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GrtDay

Lightdomes really worked well to minimize backscatter!

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Saw these used in my latest liveaboard dive trip. The http://www.lightdome.works/diffusers, behind the lens plane and pointed outward really reduced the amount of visible backscatter in the water. I was really impressed with their effectiveness to the point that I am buying a set.

Take a look!

post-1051-0-04091500-1498857867_thumb.jpg

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Does sound like an commercial add instead of real user experience.

 

 

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Surely the wider your spread the light, the more particles in the water you light up. And therefore the more backscatter you will get.

 

I am not against domed diffusers, I believe they can be very valuable, but they increase backscatter, not reduce it.

 

Alex

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Surely the wider your spread the light, the more particles in the water you light up. And therefore the more backscatter you will get.

 

I am not against domed diffusers, I believe they can be very valuable, but they increase backscatter, not reduce it.

 

Alex

Of course, any additional particles you illuminate that are not in your field-of-view are irrelevant, and any that are already in your field of view are already backscattering if the light is hitting them. So it is primarily the particles between the lens and the subject that may be newly illuminated by the dome, assuming the strobes are properly pointed. More importantly, I would think, the backscatter from each illuminated particle is more diffuse, less like a point source, so may be less objectionable. (I can't believe I am arguing with Alex Mustard....:))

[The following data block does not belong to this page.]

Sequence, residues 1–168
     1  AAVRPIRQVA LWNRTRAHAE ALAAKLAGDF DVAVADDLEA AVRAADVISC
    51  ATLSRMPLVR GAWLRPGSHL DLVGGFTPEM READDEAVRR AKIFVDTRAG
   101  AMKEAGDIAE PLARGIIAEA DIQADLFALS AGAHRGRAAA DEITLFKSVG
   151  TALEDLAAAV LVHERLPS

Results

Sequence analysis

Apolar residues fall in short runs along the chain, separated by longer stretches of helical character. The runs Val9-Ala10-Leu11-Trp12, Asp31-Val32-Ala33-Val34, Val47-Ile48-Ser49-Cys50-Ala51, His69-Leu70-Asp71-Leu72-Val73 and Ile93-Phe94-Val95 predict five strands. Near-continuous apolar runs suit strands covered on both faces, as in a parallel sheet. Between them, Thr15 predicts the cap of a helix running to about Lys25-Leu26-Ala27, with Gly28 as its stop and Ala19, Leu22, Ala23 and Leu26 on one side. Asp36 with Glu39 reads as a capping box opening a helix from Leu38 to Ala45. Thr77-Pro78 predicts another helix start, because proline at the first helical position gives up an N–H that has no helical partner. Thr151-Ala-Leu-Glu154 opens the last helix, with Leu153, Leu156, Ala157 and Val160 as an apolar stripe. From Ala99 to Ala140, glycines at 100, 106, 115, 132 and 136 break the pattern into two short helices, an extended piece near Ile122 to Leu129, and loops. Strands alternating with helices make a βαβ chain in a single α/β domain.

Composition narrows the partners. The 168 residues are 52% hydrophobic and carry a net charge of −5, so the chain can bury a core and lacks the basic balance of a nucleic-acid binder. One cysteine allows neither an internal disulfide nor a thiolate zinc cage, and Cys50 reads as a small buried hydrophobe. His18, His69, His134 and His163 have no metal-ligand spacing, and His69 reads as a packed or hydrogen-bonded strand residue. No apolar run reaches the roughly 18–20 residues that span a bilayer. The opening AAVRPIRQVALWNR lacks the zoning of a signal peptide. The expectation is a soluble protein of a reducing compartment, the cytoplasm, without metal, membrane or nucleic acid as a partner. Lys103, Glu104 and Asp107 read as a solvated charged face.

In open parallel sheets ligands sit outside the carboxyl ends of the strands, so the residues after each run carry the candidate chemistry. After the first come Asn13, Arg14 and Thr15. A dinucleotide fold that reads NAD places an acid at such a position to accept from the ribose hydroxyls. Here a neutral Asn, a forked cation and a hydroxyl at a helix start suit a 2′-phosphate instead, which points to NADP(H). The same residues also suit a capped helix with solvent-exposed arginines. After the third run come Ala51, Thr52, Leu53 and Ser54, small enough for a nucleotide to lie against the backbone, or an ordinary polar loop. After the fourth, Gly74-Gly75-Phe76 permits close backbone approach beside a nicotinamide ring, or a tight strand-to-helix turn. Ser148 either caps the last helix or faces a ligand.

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The "theory" in the brochure seems to be that weakening the output of the strobe forces you to "get closer" which reduces backscatter. Why can't you get closer with a regular strobe? Does not make much sense. Also, these are going to "spread" the light directly in front of the lens front element. More backscatter, not less, and if you angle them outward enough to avoid it they will be pointing sideways!

 

Alex, what uses are these good for? One that comes to mind is single strobe work, where a softer more diffuse light would be a great benefit because it's the only way to reduce dark shadows especially in macro.

 

What else? Always interested to learn new techniques . . .

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